Many of the examples of these activities revolve around mathematics, and/or are directed at the K-12 population. But as creative thinkers, it is easy to see that this is an idea that can be expanded to any discipline or age group. A video by Annie Fetter, on staff at Math Forum (which is now part of National Council of Teachers of Mathematics), is often cited in articles on Notice and Wonder. It is directed at K-12 teachers, but demonstrates the concept in a way that will be useful to anyone considering using Notice and Wonder exercises. See Ever Wonder What They’d Notice (5 minutes).

Notice and Wonder activities involving data visualizations and images can help students develop interpretive, critical thinking, analytical, and visual literacy skills. The New York Times offers two resources: What is Going on in This Picture and the more recently launched What is Going on in This Graph. Of the latter, the Times says: “The content and statistical concepts will be suitable for most middle and high school students. Often, we’ll strip it of some key information, then ask students three question — inspired by Visual Thinking Strategies, but anchored in math and statistics thinking: • What do you notice? • What do you wonder? • What’s going on in this graph?” Again, these platforms are directed towards a K-12 audience, but looking at the examples may inspire you to conceive examples that will be relevant for your college-age students.

Have you used Notice and Wonder exercises in your class? If so, please share your experience in the comments.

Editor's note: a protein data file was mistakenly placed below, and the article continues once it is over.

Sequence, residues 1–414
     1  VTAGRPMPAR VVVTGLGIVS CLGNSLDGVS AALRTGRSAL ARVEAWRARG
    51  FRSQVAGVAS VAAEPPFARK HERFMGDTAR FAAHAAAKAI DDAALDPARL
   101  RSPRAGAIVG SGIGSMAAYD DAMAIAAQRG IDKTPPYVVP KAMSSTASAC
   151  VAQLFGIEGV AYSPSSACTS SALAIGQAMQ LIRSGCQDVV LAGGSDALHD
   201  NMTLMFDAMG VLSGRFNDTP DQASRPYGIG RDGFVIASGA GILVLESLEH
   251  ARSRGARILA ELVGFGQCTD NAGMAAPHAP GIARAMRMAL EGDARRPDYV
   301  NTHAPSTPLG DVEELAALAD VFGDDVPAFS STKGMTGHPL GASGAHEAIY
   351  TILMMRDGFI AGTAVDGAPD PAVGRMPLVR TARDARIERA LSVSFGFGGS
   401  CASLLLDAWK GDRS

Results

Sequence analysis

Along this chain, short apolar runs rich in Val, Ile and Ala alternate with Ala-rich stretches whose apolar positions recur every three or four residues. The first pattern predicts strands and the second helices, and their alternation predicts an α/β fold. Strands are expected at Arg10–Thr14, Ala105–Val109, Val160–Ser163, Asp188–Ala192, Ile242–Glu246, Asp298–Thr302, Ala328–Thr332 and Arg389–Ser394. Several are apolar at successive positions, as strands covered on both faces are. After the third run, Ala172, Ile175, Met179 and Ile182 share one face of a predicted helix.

Macie Hall, Senior Instructional Designer
Center for Educational Resources

Image Source: Image from Pixabay.com

 

Texts of Engagement: Reading and Writing for Inclusivity in Any Discipline

[Guest post by Anne-Elizabeth Brodsky, Senior Lecturer, Expository Writing, JHU]

As part of the Lunch and Learn series, Karen Fleming (biophysics professor) and I gave presentations on fostering an inclusive classroom environment, summarized in the previous post.

In this follow up, I’ll offer some resources that seem to me versatile enough to use in different kinds of classrooms, and toward different ends. I’ve divided them into the categories below; the sources in the first three sections, in particular, can nearly all live quite comfortably in most disciplines.

What is college for?
Why bother with stories
How textual analysis works
Ideas for writing assignments

What is college for?

Cartoon rendering of an illuminated light bulb.Plenty of college students, from visibly diverse backgrounds and otherwise, feel mystified by the academy, at best —and overwhelmed by it, at worst. One way I try to help them find their footing is to engage them in examining university culture.

In my courses we use the sources below, and others, for informal “response writing.” I’m not using these sources to teach academic argument, although plenty of them have elegant arguments built into their narratives, and my students do notice that. I use them in hopes of activating their engagement and imagination about what their undergraduate experience will mean for them—to give them glimpses from the skybox.

Here’s a sampling:

Anna Deveare Smith raises the stakes of higher ed in her Chronicle interview “Are Students “Learning Anything About Love Here?’”

In “How to Live Wisely,”  Richard J. Light describes the Harvard course “Reflecting on Your Life.” Students explore: What does it mean to live a good life? What about a productive life? How about a happy life? How might I think about these ideas if the answers conflict with one another? And how do I use my time here at college to build on the answers to these tough questions?”

Mark Edmundson, first in his family to go to college, takes on undergraduate experience at research institutions in “Who Are You and What Are You Doing Here?”

“The Cosmos and You,” just a few paragraphs long, tells the story of an astronomy student who asks her professor the big question: “How do you keep from despairing at the immensity of space and the smallness of us?”

Julio M. Ottino and Gary Saul Morson write about empathy, engineering, and more in “Building a Bridge Between Engineering and the Humanities.”

Neil Koblitz advocates for clear, engaging storytelling in the sciences in “Why STEM Needs the Humanities.”